The sister of the man murdered by Phillip John Smith says nobody has been properly held to account for his escape, and politicians were "all ducking their heads".

The woman said that the minimum to expect would be that Smith would have had 24-hour supervision if he was on temporary release.

Instead, Corrections did not even check with his nominated sponsor that he was aware Smith would arrive.

A wide-ranging inquiry released yesterday found that once it was apparent Smith had not stayed with his sponsors, prison staff still did not realise he had escaped.


Victims were not contacted as early as they should have been, potentially creating a risk for them, and police protective support was too slow.
"The whole system has failed my family yet again," the victim's sister told Radio New Zealand.

"Sorry means nothing these days - doesn't cut it any more. If people had listened in the first place it would never have happened - and it's still happening."

She was dismayed Smith had secured a passport from inside prison, and said heads needed to roll.

"You would think with all these agencies, someone would be accountable, and that leaves it with the government, doesn't it," she told Radio New Zealand.

"They're all ducking their heads, he should be hanging his head in shame, John Key if he's the top one, but definitely the Corrections Minister."

Smith was jailed in 1996 for killing the father of a boy he sexually assaulted, and was on temporary release from Spring Hill prison when he fled to South America.

Thirty-nine changes have been agreed or are being seriously considered after a high-level inquiry showed up an embarrassing chain of shortcomings that allowed Smith to fly to Brazil.

Police will have access to driver's licence photos, there will be more sharing of personal information and possibly greater powers to cancel passports.


The escape could have been thwarted before it even began if Corrections had simply checked with Smith's nominated sponsor that the prisoner was expected to stay with him overnight.

Not doing so demonstrated a failure to think about and mitigate the extra risks an offender like Smith posed while on temporary release from jail.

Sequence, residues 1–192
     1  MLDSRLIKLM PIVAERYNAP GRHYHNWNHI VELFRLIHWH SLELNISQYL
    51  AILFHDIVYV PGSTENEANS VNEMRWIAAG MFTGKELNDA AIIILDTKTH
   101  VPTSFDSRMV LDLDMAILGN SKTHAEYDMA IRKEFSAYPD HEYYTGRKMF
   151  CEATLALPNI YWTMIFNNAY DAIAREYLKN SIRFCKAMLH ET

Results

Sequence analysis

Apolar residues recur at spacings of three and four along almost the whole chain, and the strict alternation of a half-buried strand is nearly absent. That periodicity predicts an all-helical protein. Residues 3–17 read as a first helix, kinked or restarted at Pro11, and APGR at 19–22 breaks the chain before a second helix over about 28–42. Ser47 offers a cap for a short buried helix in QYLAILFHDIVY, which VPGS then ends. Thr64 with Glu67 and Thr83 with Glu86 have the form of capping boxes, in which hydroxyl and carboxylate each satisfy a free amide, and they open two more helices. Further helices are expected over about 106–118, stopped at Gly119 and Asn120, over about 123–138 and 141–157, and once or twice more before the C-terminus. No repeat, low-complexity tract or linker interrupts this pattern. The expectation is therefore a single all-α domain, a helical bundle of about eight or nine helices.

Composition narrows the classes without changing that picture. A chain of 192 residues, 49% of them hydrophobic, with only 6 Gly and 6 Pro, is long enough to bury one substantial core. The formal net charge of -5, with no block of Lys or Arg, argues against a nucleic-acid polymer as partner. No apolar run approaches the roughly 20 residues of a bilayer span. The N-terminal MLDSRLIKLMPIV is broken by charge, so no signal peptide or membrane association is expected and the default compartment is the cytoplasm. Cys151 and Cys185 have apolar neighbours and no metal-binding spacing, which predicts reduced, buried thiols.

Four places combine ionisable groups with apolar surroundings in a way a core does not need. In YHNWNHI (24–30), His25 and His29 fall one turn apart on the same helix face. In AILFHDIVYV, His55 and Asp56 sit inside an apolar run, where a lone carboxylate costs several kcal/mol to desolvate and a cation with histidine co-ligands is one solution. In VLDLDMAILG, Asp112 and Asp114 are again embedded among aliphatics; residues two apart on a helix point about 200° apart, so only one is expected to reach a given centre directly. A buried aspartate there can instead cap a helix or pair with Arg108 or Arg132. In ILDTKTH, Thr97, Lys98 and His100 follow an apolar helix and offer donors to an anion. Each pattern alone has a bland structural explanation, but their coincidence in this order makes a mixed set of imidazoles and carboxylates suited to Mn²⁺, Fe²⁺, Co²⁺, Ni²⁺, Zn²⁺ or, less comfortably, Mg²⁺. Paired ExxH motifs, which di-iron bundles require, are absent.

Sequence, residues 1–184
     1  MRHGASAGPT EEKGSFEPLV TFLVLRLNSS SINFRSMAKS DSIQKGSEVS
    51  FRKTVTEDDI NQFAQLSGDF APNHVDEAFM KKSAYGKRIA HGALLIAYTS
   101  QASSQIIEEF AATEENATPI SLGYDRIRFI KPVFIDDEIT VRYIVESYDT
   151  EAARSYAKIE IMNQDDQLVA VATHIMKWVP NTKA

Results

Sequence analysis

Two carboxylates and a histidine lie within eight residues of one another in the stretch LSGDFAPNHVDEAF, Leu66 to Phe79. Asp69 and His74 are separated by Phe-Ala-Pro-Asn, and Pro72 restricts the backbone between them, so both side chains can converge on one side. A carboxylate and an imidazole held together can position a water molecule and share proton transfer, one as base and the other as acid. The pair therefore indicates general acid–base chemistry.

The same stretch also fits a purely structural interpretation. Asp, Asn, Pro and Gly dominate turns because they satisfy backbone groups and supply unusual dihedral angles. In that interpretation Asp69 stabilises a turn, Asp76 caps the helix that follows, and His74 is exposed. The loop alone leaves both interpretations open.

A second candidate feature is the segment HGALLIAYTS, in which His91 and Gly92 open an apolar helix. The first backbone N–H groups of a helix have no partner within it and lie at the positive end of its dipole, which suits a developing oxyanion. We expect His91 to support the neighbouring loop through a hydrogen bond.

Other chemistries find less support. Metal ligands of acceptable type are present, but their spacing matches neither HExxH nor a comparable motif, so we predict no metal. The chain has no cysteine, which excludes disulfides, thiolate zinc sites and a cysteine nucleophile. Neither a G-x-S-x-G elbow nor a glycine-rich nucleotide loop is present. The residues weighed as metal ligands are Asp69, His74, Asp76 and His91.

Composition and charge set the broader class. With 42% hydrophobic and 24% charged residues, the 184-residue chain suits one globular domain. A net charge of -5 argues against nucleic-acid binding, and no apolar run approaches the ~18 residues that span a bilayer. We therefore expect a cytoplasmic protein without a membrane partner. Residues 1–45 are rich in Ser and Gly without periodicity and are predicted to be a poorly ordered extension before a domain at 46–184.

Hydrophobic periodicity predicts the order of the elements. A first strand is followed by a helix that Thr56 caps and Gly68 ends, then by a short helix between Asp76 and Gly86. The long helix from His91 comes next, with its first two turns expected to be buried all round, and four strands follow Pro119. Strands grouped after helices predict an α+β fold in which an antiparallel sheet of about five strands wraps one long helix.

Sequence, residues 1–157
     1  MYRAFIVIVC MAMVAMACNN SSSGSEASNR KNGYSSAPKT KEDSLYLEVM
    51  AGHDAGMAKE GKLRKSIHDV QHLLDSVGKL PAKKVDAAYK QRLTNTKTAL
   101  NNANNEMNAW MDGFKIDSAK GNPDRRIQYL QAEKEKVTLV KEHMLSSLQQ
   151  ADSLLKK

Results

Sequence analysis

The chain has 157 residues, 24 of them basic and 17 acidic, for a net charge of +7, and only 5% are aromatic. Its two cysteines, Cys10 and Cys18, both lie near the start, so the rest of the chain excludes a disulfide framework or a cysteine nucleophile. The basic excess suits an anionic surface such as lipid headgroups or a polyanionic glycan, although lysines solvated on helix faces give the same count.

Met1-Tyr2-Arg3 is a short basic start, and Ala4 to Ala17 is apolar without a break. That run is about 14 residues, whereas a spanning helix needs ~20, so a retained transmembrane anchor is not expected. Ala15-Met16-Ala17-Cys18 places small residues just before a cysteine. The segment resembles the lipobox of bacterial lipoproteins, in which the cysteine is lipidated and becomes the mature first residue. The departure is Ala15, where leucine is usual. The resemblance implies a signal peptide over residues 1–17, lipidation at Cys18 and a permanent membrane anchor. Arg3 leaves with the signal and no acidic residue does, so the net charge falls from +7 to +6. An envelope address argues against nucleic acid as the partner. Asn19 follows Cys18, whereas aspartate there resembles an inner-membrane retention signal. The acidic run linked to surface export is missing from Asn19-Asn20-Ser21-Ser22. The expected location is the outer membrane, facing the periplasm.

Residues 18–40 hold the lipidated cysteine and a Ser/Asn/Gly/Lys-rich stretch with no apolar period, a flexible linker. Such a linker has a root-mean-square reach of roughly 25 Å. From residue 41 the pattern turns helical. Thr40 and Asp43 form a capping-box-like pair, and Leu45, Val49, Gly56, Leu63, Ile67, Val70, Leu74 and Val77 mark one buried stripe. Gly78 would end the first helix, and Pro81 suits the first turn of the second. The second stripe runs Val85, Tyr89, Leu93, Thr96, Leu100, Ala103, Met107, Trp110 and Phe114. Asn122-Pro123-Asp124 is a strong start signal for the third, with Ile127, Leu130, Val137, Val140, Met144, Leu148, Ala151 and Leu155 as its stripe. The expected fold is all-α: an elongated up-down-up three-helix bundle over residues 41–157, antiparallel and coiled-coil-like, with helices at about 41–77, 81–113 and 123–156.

Justice Minister Amy Adams said she agreed with the inquiry, headed by retired High Court judge Dr John Priestley, QC, that there needed to be a "step change" in information sharing between government agencies.

Internal Affairs was unaware Smith's passport application was from a prisoner, for example, meaning it did not matter that he received it in his other name, Traynor.

She was comfortable with any privacy trade-offs, but did want to look closer at a handful of recommendations such as allowing the Internal Affairs Minister to cancel certain offenders' passports.

"I think we have to be very careful before we launch into automatic cancellation of passports and the like ... I don't want to find we go too far in our haste to react to this one situation."


The inquiry, for which 116 people were interviewed, also noted problems in co-operation between Corrections and police, and resourcing issues.

"[A] response should not be impeded by resource limitations or demarcation concerns about which agency has 'ownership' of a detainee," the report stated.

Ms Adams rejected entirely the suggestion that a lack of funding played a part: "I don't think you would find Corrections looking to hide behind that as an excuse."

Smith, a murderer and child sex offender, fled New Zealand in November but was caught in Rio de Janeiro.

He had obtained a passport issued in his birth name Phillip John Traynor, some 16 months before he left New Zealand on November 6.

Labour's justice spokeswoman, Jacinda Ardern, said systemic failings had been exposed by the inquiry. Processes already in place would have stopped the escape had they worked, she said.


Green Party co-leader James Shaw said the inquiry showed a huge range of errors: "The scale of this breakdown is surprising and distressing."

Tardy alarm-raising 'remarkable'

Spring Hill prison staff were much too slow to inform police that a prisoner had absconded.

When it was discovered he was not with his sponsors, a prison manager called police to give them a "heads up", but the situation was not outlined as an escape.

"Remarkably, however, it does not appear that any of the three most senior managers ... appreciated that Phillip John Smith had escaped. Actions which should follow an escape were not triggered," the inquiry report said.

It was not until the next day that Corrections told police Smith had escaped - four days after his release.